A few years ago, I was working as a contractor at a company that had everyone from non-union warehouse workers who were probably making minimum wage to the executives and CEO, all under one roof. Since office space and light industrial are zoned differently, this is an unusual arrangement I’ve only seen a couple times in my career.
I quickly noticed a spot at the end of a row of cubes I passed on my way out of my area where there was always a joke of some kind posted. Sometimes something genuinely funny, other times just odd, and once truly offensive.
This time the joke du jour consisted of a Photoshopped picture of a young black man, his hair cut like topiary into a trendy hat, with a caption indicating that if you couldn’t afford the hat you wanted, you could simply grow your own.
From all I could observe, this company seemed to have a good track record of hiring and promoting minorities, so seeing this tasteless joke hanging on the wall for days was puzzling. I felt it was in particularly poor taste considering the large number of people who worked there who weren’t making much money, many of whom could have been the Photoshopped person.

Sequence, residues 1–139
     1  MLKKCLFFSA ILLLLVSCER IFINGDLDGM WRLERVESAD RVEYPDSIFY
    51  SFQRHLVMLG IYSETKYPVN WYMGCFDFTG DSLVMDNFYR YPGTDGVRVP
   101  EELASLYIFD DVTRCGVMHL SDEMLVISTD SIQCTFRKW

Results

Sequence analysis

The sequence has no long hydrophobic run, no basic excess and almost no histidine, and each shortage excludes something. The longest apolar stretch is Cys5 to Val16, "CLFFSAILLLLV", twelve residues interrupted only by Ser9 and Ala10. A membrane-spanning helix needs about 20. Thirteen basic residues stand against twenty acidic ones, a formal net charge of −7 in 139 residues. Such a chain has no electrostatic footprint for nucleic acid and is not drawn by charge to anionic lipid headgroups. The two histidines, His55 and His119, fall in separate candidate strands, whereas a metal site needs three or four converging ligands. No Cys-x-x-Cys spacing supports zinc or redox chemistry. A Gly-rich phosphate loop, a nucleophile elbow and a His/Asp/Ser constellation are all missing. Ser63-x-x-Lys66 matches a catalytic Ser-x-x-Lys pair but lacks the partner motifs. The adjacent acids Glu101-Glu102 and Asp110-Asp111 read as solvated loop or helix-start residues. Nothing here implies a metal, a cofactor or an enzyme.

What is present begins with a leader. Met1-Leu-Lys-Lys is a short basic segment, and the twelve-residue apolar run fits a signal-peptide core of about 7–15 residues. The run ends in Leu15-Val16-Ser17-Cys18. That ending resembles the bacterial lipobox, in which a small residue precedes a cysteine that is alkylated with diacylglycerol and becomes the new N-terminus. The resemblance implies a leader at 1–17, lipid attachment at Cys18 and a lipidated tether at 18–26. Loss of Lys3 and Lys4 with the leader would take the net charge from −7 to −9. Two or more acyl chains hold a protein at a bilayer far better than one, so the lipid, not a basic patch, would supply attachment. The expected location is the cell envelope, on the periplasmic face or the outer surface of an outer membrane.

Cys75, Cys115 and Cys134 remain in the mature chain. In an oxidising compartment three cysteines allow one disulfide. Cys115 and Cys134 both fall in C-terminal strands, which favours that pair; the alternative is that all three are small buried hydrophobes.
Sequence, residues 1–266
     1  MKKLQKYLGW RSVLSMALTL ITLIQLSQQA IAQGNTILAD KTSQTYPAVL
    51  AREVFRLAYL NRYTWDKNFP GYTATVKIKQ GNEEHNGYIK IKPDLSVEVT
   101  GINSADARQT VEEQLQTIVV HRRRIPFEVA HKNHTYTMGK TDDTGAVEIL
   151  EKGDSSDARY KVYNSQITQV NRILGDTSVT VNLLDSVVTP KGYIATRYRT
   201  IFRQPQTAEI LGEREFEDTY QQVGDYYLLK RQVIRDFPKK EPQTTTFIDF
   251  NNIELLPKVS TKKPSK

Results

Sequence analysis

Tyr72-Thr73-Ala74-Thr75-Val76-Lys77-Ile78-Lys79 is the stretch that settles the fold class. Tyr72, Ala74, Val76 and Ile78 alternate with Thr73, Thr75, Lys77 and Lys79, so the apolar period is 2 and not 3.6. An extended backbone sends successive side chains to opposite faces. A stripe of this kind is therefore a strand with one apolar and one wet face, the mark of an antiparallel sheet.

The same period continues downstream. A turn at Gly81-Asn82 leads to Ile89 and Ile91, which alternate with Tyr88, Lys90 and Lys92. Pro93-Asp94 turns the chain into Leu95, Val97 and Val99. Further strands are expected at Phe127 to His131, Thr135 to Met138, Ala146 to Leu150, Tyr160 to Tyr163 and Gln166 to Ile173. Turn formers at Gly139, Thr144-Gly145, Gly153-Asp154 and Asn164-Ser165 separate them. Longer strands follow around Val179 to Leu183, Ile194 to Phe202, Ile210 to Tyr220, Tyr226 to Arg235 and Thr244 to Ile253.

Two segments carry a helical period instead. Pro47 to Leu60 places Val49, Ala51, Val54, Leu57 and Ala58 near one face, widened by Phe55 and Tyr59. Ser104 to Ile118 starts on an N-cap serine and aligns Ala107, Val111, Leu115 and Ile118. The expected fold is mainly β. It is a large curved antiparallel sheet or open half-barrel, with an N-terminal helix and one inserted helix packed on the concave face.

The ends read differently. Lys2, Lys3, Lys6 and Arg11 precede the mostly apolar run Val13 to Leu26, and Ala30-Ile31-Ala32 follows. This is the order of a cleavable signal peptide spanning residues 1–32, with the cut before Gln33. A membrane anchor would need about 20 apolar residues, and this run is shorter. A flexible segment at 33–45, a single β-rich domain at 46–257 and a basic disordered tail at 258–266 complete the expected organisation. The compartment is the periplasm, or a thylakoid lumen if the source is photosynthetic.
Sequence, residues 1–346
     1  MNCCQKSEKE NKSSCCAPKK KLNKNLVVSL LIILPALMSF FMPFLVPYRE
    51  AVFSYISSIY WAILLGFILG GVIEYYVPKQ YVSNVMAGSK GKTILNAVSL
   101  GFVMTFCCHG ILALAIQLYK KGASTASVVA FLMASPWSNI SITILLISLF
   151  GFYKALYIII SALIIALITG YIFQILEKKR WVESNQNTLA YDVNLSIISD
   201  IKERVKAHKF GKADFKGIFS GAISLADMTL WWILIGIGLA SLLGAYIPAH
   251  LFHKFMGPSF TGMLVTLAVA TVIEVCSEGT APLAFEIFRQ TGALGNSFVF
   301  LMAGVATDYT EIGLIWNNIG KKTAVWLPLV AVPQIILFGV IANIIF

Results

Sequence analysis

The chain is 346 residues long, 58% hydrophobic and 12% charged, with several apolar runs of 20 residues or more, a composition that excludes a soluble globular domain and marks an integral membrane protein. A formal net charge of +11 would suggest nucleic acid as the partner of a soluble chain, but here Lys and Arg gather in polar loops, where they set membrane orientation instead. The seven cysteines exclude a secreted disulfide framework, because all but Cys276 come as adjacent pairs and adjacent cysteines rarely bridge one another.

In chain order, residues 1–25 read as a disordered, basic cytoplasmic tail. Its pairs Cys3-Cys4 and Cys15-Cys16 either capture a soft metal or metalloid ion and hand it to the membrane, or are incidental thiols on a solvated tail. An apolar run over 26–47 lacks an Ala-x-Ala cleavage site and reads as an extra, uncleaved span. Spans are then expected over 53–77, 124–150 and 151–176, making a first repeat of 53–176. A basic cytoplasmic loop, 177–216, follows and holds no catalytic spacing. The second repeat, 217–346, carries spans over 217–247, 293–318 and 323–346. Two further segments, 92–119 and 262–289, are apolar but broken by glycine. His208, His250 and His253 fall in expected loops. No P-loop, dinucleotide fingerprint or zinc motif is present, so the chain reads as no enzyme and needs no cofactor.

There were very few actual company employees in my area, but I asked one whom one could speak to about something offensive in the workplace and she said she had no idea. Clearly Human Resources did not have a high profile at this company. I was on my own.
I was totally clear on the fact that I was at the very bottom of the totem pole at this company, quite possibly on the portion of the totem pole that’s underground. As I thought about what I could do, it occurred to me that I didn’t need authority at this company to take action–all I needed was moral authority. Reminding myself that I’m a senior member of the human race, on my way out that night, I removed the graphic, took it home, and fed it to my shredder.
Who are you to stick up for the underdog, speak truth to power, fight injustice and prejudice? A senior member of the human race, that’s who.